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tl;dr: No. This sort of vehicle dynamics question best addressed by Racing Car Vehicle Dynamics What follows is a basic discussion at the high school physics level. As you will see from the reference text, high school physics is insufficient to statically model the complete vehicle system. A dynamic model is required to agree with easily obtainable ...


4

The ABS light can be triggered by metallic debris or dirt on the wheel sensor(s). The sensor tries to read the position of the nearby reluctor ring, but if it cannot then the ABS light will go on. It's also possible that one of the reluctor rings has broken or cracked, which would also cause an issue. I would check the sensors and rings first, before just ...


3

The newer the car the better ABS tends to be, but you can lock up even the best ones if you try hard. On sheet ice it is safer to disable your ABS entirely unless you have a system which is designed for these conditions. After seeing a bad crash where a long slide into a collision was caused by ABS not allowing any grip, I remove the fuse for ABS each ...


3

If you can get all 4 to lock at the same time then systems that detect differences between wheels won't activate. The system would have to be smart enough to detect exceptionally fast stopping of the wheels in order to work in that circumstance. My MR2 and Eclipse are definitely not that smart. Both are very capable of locking all 4 at the same time and ...


2

Preface I ended up doing a fair bit of thinking and research on this, so I figure I may as well write up what I found. Thanks all those who responded, particularly BobCross. In the end though, I wanted an answer that went beyond calling a car a mystery box on balloons - I asked this question because I actually want to understand it. Intro - Tires Given ...


2

The first step is to pull the ABS codes. That will give us a starting point for trouble shooting. This model supports flash codes, you will need to jump across terminal A and H of the ALDL connector (under the drivers side of the dash). It may take about 30 seconds before the ABS light starts flashing codes. Count the flashes to get the code, they ...


2

Turns out that there was a big pocket of air in the system. Sucking it out made everything return back to normal, thankfully. I also tried to replicate what happened in the first place by driving on some ice and getting the tires to lock up and activate the ABS. I did it a bunch of times and nothing bad happened. So hopefully it is fixed.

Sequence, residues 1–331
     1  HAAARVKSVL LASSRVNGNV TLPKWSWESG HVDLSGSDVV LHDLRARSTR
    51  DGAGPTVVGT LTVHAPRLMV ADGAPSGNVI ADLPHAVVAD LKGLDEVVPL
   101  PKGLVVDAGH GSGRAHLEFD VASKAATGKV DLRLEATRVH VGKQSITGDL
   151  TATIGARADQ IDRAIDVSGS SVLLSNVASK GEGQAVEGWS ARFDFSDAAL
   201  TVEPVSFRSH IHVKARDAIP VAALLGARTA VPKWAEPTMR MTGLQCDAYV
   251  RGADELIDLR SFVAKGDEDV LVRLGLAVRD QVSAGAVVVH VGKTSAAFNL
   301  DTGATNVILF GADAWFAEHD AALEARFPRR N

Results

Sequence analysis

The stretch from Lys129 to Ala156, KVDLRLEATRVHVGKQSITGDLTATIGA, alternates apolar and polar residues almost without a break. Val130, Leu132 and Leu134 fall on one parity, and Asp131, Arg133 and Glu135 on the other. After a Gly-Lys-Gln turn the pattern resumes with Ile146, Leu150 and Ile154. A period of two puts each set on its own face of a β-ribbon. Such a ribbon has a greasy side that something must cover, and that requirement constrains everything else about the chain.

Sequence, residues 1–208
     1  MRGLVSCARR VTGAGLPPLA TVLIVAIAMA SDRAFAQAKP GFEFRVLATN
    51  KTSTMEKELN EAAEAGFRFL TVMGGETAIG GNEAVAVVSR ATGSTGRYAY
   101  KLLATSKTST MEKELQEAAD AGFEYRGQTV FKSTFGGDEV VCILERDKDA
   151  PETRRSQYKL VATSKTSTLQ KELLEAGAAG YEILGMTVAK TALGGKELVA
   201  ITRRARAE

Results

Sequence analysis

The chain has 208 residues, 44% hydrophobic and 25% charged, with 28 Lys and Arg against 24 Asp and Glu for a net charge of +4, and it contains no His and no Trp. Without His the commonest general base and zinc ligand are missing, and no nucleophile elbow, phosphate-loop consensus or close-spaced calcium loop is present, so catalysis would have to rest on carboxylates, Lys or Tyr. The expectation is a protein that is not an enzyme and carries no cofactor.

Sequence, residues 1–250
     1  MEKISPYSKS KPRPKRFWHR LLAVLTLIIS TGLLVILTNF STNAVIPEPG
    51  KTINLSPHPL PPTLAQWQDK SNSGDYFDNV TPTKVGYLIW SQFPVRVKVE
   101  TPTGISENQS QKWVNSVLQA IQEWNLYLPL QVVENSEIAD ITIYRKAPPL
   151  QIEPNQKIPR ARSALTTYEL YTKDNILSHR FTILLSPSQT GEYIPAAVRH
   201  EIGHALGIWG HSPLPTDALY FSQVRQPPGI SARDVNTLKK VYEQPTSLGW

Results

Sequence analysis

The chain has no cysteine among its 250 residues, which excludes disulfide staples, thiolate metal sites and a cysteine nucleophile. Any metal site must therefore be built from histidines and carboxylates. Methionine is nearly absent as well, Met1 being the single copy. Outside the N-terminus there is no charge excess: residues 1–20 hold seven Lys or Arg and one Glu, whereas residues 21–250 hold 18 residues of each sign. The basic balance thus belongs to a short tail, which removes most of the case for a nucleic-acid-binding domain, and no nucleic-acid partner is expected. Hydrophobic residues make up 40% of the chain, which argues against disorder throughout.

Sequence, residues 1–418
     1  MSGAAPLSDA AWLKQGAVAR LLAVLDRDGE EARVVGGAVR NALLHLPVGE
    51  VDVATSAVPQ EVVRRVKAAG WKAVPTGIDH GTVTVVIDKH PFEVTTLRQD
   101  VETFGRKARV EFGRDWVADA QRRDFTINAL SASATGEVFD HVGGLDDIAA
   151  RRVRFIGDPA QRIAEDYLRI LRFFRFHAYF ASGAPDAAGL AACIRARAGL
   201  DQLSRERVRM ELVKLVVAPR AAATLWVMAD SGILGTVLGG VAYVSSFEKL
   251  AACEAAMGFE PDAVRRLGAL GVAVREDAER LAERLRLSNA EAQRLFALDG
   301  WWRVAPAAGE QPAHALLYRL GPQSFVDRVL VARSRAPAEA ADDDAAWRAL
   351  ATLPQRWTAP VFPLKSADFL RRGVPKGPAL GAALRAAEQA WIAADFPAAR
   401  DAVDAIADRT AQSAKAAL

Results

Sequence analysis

1

The ABS system is in effect an add-on to the vehicles brake system. You found this to be the case when you removed the fuse and normal braking was present. The ABS system has a module to control the sequence of solonoid operated valves which apply and release the brakes according to the performance of the ABS wheel sensors against a performance map stored in ...


1

There is not an industry wide problem with ABS brakes. The one problem that does arise is when an ABS system is 'opened' for any reason. Air can and will get into the system. The best way to bleed ABS brakes is with a pressure bleeder and a bi-directional scanner so that the ABS pump can be operated.This ensures the system accumalators are all bleed fully by ...


1

The ABS diagnostic port is under the hood, in the same assembly as the OBD port. I have never been able to get information from it, however. The best instructions I've been able to find did not work when I tried them. I asked a question about this previously, but so far it does not have an answer: Reading ABS diagnostic codes on a Volvo 940


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The first thing you should do is check for a blown fuse, it's very easy to blow a fuse when taking a battery out or installing a new battery. There is an ABS sensor near each of your four wheels, if one has gone bad or is disconnected, that will cause your ABS light to stay on. It's a 1992, so the garage may have to forego using any diagnostic readers and ...



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